s 1. Identify the quatrains. Quatrain 1 - lines 1-4 Quatrain 2 - lines 5-8 Quatrain 3 - lines 9-12 2. Identify the rhyming couplet.

Rhyming couplet - lines 13-14 3. What is the central idea contained in the three quatrains? The central idea is based on a comparison between the poet's beloved and a summer's day. Each quatrain introduces a new aspect to this comparison. Shakespeare argues that unlike the transient beauty and nature of summer, his beloved's beauty and memory shall never fade.

4. How does the rhyming couplet clinch the premise contained in the quatrains? The rhyming couplet clinches the argument by claiming that the beloved has been immortalised through the sonnet. As long as the sonnet exists and is read, she will not fade from memory - she will live forever. Name three ways in which the poet's beloved is better than a summer's day. She is more equable and gentler than a summer's day. Furthermore, unlike a summer's day, her beauty will not fade.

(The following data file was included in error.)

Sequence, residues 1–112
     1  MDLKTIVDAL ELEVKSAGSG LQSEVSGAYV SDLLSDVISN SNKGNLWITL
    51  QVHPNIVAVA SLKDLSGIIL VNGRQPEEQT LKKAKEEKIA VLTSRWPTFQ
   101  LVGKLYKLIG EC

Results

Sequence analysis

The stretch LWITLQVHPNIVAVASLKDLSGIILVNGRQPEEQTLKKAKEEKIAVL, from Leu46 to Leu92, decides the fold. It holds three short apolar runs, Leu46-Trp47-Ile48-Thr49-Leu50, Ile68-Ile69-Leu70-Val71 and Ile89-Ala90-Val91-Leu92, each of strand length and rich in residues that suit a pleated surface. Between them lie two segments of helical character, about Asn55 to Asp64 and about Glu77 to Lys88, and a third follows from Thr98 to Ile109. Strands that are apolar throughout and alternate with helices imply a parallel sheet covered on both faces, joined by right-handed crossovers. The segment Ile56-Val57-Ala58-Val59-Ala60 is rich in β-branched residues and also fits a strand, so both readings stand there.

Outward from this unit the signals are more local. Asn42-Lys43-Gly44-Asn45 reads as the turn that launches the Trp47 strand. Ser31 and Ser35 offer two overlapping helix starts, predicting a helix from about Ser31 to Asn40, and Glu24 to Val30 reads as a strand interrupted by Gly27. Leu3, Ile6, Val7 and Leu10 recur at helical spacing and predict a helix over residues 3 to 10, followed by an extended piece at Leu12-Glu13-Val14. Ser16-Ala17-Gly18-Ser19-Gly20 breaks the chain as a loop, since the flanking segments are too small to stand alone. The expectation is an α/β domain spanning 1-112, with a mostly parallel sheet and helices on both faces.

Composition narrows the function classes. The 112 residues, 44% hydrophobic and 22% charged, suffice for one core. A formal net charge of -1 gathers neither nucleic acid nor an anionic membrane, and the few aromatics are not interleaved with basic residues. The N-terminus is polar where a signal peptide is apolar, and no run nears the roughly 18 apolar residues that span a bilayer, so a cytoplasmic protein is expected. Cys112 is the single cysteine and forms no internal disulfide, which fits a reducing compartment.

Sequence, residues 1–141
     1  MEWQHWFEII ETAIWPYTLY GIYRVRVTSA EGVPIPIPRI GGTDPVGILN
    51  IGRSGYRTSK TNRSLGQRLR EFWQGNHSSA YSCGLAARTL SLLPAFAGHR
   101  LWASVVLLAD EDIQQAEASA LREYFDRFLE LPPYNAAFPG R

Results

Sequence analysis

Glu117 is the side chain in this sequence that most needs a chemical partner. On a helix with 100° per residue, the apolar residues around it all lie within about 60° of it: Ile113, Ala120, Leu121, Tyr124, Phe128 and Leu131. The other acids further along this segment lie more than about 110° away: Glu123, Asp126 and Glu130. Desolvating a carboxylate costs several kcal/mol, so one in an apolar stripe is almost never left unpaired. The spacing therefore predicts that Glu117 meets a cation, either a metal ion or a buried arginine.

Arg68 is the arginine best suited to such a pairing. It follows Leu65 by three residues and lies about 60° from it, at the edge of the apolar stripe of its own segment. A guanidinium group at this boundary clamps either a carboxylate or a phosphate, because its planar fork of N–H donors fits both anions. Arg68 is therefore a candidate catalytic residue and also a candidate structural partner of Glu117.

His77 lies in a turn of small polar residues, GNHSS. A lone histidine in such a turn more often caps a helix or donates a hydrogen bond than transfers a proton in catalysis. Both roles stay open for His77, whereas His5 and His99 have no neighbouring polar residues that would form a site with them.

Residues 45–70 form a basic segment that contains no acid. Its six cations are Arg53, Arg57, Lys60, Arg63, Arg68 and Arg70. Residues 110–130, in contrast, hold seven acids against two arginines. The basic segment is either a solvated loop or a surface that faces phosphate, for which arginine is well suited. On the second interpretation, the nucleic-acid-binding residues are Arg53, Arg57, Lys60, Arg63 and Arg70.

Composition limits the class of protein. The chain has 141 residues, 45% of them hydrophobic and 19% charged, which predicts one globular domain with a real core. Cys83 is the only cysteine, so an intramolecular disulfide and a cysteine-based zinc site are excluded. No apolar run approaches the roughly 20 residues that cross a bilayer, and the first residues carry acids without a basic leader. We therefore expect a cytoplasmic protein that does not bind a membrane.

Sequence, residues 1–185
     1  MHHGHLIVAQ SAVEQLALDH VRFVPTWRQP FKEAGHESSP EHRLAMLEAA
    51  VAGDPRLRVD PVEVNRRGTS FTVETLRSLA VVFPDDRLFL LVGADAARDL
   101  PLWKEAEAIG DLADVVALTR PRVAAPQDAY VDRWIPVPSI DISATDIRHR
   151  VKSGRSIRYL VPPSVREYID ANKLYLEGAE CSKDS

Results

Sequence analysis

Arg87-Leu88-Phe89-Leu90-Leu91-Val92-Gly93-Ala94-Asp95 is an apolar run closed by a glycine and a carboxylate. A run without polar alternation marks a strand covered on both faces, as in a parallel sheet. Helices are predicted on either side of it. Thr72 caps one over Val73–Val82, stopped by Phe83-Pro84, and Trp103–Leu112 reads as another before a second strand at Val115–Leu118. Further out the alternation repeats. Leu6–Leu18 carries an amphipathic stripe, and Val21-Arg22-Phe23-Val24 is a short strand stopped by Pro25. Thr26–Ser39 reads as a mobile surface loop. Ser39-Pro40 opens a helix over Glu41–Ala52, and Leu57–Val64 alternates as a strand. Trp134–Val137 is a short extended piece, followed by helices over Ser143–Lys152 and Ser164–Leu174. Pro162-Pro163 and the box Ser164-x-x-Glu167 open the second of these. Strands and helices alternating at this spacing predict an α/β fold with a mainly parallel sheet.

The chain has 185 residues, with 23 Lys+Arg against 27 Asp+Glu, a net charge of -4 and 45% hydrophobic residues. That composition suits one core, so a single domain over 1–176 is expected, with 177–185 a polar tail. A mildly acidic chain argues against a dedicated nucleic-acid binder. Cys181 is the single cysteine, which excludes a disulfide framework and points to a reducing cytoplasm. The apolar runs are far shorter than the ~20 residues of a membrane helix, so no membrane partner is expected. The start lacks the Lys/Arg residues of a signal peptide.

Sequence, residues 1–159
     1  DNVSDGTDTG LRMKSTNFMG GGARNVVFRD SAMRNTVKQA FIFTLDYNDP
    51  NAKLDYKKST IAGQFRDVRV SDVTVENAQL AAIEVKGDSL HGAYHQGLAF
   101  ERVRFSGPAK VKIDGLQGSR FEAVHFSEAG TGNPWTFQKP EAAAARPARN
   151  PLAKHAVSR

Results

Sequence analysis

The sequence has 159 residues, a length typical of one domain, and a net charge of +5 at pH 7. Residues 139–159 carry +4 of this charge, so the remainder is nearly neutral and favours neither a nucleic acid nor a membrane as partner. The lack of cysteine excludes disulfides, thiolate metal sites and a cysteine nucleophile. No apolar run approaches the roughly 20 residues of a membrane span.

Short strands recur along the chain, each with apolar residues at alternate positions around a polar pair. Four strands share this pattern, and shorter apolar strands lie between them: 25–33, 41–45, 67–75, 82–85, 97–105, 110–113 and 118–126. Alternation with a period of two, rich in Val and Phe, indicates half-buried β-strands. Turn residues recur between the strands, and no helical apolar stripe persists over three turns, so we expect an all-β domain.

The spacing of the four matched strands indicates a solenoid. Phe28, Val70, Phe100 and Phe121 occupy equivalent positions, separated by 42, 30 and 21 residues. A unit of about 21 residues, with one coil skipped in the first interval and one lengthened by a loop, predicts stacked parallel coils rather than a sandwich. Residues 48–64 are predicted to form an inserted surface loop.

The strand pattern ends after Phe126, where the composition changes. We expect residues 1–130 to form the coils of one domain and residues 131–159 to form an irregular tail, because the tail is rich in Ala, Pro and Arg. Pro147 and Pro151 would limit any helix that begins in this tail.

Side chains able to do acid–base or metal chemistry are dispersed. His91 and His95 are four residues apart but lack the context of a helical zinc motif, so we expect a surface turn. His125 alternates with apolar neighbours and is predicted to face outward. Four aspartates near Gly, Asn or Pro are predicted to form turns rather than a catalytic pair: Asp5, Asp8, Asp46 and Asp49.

2. What is meant by "Nor shall Death brag thou wander " st in his shade" (line 11)? It means that she will never die as she has been immortalised in lines of poetry. 3. What impossible claim does Shakespeare seem to be making in lines 9-12? He claims that her beauty and youth will never fade and that she will live forever. 4.

How does he substantiate this claim? He substantiates the claim by saying that as long as time lasts, her beauty and memory will last, recorded in lines of poetry. 5. What does 'this' refer to in line 14? "this" refers to the sonnet.